Image hosted by

This Malcolm news angers me more than the February 10th Series Finale of Arrested Development. Shows like that are doomed from the start, as they will never attract a big enough following on national TV. Malcolm would fit right in on any network, and has one of the best casts on the small screen.

So, here's my proposal to NBC: Turn your 'Must-See Thursday' night lineup into what FOX used to have; good, funny shows. Call it, 'Must-See, No Laugh Track Thursday Night, Sponsored By Ford:'

7:00-7:30 - Scrubs
7:30-8:00 - Malcolm In The Middle (Sign them to a 1-year deal. The kids are getting too old, but at least give them a chance to go out in style.)
8:00-8:30 - My Name Is Earl
8:30-9:00 - The Office
9:00-9:30 - Arrested Development
9:30-10:00 - New Episodes of Seinfeld (Force the cast to perform at gunpoint; no laugh track.)

I'm only half-kidding about this. Enough ranting, here's the FOX story, straight from Yahoo:

Image hosted by

Fox brings back "Idol" as curtain falls on sitcoms

Fox television, roaring back to prime time with mega-hit "American Idol" on Tuesday, said it was likely to scrap Emmy-winning ratings dud "Arrested Development" even as other networks made bids to pick up the comedy.

The News Corp.-owned network also said it was formally bringing down the curtain on two veteran comedies, "That '70s Show" and "Malcolm in the Middle," both of which will get their series finales in May.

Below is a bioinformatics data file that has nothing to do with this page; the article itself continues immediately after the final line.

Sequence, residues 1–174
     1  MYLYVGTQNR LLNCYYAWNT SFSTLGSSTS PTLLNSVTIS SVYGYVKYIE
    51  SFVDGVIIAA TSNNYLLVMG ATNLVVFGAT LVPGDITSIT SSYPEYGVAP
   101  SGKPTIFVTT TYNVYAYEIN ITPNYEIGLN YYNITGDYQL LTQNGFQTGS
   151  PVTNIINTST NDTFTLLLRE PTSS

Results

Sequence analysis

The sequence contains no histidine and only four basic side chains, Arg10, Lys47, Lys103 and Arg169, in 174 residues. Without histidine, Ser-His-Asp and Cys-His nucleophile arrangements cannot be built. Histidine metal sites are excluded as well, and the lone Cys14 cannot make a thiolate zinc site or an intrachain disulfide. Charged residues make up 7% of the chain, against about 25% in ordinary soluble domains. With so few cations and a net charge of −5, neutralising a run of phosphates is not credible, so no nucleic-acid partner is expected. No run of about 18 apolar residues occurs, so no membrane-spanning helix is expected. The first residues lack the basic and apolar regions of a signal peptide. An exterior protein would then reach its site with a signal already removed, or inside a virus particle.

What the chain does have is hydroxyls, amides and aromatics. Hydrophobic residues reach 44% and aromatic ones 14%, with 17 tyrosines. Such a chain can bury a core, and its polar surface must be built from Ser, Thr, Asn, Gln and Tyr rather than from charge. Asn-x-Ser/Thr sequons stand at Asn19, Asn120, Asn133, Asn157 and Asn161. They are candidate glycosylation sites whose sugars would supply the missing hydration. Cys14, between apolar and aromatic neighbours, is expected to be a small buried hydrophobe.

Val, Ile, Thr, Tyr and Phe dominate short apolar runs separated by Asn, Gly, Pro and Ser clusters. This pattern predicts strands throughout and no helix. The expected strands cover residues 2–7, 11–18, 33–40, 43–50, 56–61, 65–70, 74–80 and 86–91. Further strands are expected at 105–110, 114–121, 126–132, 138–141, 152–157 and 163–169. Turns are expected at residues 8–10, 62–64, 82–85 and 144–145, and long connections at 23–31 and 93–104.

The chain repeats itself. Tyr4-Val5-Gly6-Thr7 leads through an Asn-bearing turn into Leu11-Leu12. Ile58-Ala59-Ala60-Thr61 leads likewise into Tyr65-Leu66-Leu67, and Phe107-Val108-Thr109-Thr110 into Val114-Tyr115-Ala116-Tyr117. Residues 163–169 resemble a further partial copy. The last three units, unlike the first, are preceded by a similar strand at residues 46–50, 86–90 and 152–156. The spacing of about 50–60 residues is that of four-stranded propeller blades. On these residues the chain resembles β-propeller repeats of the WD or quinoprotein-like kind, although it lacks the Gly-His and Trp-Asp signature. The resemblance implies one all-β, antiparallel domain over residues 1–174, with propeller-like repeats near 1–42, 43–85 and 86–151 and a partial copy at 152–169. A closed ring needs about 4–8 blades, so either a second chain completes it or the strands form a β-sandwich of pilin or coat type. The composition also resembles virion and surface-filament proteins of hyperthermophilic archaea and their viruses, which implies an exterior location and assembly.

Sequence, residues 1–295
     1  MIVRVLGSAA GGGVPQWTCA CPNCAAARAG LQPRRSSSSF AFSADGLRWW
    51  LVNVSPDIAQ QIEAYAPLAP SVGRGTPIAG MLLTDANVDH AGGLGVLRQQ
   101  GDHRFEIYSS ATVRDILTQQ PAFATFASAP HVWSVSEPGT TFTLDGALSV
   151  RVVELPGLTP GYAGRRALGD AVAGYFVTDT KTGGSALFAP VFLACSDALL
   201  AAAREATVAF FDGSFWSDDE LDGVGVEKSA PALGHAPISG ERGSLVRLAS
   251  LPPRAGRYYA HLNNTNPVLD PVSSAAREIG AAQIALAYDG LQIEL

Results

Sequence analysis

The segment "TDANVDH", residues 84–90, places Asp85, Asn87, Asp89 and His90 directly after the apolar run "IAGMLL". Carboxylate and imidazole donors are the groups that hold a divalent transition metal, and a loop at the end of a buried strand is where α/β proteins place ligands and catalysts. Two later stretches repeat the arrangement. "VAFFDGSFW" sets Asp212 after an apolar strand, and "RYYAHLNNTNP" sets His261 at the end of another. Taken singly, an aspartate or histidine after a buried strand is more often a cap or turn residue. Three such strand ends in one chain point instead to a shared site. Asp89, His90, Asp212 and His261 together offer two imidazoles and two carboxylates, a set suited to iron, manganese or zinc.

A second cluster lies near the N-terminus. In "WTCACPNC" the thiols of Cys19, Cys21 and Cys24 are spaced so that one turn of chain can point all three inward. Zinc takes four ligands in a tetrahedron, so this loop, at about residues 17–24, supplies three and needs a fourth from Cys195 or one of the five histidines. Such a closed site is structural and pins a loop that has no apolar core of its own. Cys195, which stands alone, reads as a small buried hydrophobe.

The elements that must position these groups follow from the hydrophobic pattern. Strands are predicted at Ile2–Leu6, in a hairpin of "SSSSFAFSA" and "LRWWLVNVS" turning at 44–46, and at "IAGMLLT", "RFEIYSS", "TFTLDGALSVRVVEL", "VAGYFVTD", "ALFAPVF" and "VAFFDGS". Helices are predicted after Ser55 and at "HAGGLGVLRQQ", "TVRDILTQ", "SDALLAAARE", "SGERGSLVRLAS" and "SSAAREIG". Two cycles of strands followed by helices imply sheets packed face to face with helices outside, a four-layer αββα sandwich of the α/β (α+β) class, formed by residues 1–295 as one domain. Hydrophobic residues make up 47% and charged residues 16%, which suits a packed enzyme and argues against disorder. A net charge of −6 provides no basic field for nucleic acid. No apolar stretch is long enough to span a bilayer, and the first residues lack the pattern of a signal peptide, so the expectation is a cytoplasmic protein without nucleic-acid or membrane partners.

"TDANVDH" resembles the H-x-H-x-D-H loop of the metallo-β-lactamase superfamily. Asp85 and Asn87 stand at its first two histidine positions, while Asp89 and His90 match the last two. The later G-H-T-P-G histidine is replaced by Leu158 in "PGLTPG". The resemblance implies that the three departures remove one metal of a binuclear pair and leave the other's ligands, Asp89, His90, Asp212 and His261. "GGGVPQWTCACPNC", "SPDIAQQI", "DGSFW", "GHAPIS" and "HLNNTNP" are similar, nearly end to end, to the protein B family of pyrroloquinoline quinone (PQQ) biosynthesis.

Speaking hours before the premiere of a fifth edition of "American Idol," the No. 1 U.S. TV show last season, Fox Entertainment President Peter Liguori voiced disappointment that "Arrested Development" was headed for the chopping block.

"It's highly unlikely the show is coming back, but no definitive final answer has been made on that," Liguori told a gathering of TV critics in Pasadena. "It's regrettable we couldn't find an audience that the show deserves."

A spokesman for the network's sister studio, 20th Century Fox Television, which produces the show, said two other networks -- ABC and Showtime -- had approached producers with bids to carry the series next year.

"We are currently considering the offers on the table," the spokesman, Chris Alexander, told Reuters.
Added Liguori: "It ('Arrested Development') is a studio property, and there is interest at other networks. It's the studio's right and (the executive producer's) right to put that up to bid."

He suggested that "Arrested Development" might be an especially good fit for premium cable channel Showtime, where the comedy's current average audience of just over 4 million viewers would rank it as a major hit.